Monday, October 13, 2008

A city for all seasons: Durga Pujo in Mumbai

I moved to Mumbai ten years back. So technically it is not a 'faraway place' I have made this lovely city my home and it has welcomed me with open arms.

But there is one time of the year when I feel very home sick. That is during Durga Pujo, the biggest festival of us Bengalis. The first time I realised how far away I was from home was when I had visited the Durga Pujo at my adopted home of Bandra at Mumbai ten years back. That's when there were boulders in my throat.

There were just too many memories of Durga Pujo in Calcutta - the year long anticipation, the new clothes, the hair cut two weeks before the festivities, no studies, countless hours spent with friends, the puja in my building - Debjan Apartments, the food, the pandal hopping through the city with friends - all of these came back back in a rush of black and white images as I stood at the Bandra Pujo, fresh out of Calcutta.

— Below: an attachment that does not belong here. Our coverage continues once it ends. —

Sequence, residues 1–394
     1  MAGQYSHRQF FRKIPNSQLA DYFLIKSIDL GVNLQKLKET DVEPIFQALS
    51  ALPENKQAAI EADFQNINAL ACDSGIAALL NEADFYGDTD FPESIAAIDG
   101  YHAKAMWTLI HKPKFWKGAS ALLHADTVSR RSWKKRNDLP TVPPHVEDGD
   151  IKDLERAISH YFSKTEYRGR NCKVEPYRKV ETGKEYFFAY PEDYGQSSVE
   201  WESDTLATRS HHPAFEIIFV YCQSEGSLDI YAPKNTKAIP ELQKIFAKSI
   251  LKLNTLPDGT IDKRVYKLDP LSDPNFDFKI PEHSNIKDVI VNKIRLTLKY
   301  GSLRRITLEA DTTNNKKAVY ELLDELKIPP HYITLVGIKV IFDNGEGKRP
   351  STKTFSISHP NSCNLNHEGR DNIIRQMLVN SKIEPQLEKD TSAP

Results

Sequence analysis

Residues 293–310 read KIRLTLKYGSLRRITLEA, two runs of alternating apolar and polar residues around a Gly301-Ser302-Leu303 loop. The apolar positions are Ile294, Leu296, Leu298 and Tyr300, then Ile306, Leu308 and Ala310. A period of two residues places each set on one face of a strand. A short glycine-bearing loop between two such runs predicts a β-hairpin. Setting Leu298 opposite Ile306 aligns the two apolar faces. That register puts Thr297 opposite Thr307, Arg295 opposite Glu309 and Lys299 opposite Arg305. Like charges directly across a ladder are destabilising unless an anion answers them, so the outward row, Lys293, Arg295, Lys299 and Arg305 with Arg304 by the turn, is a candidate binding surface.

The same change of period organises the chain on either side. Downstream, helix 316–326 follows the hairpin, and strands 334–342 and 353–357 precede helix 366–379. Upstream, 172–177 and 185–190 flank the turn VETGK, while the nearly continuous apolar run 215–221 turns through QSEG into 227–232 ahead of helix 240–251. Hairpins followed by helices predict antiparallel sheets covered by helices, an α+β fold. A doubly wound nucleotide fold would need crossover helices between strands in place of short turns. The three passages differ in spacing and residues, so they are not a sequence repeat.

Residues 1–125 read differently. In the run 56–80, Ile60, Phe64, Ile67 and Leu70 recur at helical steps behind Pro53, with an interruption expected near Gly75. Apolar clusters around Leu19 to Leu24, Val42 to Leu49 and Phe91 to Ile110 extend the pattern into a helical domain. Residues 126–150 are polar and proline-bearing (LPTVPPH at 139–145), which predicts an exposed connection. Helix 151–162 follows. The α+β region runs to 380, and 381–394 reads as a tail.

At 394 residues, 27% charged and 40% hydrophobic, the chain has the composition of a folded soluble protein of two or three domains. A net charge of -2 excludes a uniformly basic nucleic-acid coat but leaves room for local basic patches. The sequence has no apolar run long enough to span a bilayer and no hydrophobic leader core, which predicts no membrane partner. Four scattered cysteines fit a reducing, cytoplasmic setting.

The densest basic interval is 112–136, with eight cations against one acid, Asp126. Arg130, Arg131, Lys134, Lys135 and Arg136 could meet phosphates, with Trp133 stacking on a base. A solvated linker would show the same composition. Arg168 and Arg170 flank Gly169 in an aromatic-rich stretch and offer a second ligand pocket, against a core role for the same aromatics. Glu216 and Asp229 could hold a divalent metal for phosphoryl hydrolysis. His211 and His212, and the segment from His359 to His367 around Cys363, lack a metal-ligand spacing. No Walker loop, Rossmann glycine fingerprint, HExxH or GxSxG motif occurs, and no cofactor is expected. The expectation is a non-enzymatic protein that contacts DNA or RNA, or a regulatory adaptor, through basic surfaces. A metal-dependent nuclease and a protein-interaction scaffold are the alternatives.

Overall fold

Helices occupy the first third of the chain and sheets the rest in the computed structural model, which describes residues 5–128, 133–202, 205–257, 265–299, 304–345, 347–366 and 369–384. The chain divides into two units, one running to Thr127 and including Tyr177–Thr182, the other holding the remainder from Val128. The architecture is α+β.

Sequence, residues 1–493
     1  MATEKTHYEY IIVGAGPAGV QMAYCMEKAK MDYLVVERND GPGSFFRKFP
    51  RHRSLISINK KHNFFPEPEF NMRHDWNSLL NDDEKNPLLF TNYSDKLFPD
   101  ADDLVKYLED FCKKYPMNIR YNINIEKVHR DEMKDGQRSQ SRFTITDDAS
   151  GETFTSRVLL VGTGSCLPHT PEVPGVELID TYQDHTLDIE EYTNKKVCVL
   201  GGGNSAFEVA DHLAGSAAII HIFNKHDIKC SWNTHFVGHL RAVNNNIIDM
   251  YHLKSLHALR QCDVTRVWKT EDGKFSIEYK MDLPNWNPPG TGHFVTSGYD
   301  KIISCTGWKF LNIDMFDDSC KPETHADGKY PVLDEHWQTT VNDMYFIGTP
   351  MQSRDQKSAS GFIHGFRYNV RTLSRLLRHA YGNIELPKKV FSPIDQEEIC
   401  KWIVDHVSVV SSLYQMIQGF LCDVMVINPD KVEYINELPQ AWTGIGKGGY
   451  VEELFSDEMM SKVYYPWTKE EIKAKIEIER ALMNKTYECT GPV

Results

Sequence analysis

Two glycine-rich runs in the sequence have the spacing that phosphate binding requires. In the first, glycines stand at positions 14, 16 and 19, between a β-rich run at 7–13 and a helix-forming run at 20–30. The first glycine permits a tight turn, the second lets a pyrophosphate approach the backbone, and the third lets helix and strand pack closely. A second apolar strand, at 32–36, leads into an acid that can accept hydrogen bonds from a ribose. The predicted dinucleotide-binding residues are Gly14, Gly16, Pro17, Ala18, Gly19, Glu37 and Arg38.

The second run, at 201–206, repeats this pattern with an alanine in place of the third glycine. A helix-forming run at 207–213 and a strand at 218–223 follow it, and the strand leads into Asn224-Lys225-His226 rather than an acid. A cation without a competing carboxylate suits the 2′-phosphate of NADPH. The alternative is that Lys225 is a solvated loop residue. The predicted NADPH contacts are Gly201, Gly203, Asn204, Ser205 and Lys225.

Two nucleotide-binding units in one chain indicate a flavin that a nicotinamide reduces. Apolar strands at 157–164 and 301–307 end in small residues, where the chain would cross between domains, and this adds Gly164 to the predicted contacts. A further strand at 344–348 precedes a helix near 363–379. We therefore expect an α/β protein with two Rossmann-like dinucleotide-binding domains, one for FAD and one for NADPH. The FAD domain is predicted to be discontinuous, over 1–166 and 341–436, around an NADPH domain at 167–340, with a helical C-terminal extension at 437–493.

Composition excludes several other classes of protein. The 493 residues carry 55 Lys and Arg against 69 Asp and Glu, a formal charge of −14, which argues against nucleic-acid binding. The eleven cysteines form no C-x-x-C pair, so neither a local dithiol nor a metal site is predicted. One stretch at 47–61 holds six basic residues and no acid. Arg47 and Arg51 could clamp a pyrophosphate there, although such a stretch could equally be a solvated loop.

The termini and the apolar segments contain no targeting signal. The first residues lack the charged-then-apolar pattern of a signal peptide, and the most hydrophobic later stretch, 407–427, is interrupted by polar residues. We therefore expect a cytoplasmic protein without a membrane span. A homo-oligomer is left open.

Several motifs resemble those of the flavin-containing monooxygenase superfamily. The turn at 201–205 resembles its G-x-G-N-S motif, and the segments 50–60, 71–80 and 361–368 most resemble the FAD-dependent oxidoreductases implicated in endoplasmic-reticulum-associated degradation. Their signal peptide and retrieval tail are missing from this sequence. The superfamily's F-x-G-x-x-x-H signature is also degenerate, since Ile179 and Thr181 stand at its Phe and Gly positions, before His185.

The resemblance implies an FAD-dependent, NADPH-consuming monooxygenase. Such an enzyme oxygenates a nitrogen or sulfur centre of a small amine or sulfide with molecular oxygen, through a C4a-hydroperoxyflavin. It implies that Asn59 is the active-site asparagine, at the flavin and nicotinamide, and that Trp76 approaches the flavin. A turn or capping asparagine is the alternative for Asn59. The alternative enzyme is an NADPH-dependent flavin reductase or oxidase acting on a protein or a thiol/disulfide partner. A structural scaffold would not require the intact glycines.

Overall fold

I have tried to make it back to Calcutta most years since then during the Pujos. Though I must say that a bit of the magic has gone with the friends I grew up with being available only on Facebook and Orkut, if at all.

I didn't go back this year. But I did see a couple of nice Pujos at Mumbai. I went to the Balkanjibari pujo for the first time at Santa Cruz on my way to the prayer meetings for Mamma (Kainaz's grandmom who had just passed away). I said a prayer for her. The setting was just right as the Pujo was very well organised. I got a a fairm amount of peace and quiet in the pandal that afternoon to be alone with my thoughts. A far cry from the community Pujos of Calcutta which are like big fairs with streams of people pouring in. This reminded me of the pujo in our apartment complex in Calcutta.




I went to the Bandra Pujo on the penultimate night of the festival. Again, I entered the premises peacefully. Something one could not imagine in the big pujos of Calcutta. I went to the prayer area and was there for quite a while. I am usually not very religious and don't leave offerings at religious places. But this year I left some money at the Santa Cruz pujo for Mamma and at the Bandra pujo in appreciation of the way Bandra has welcomed me over the last decade.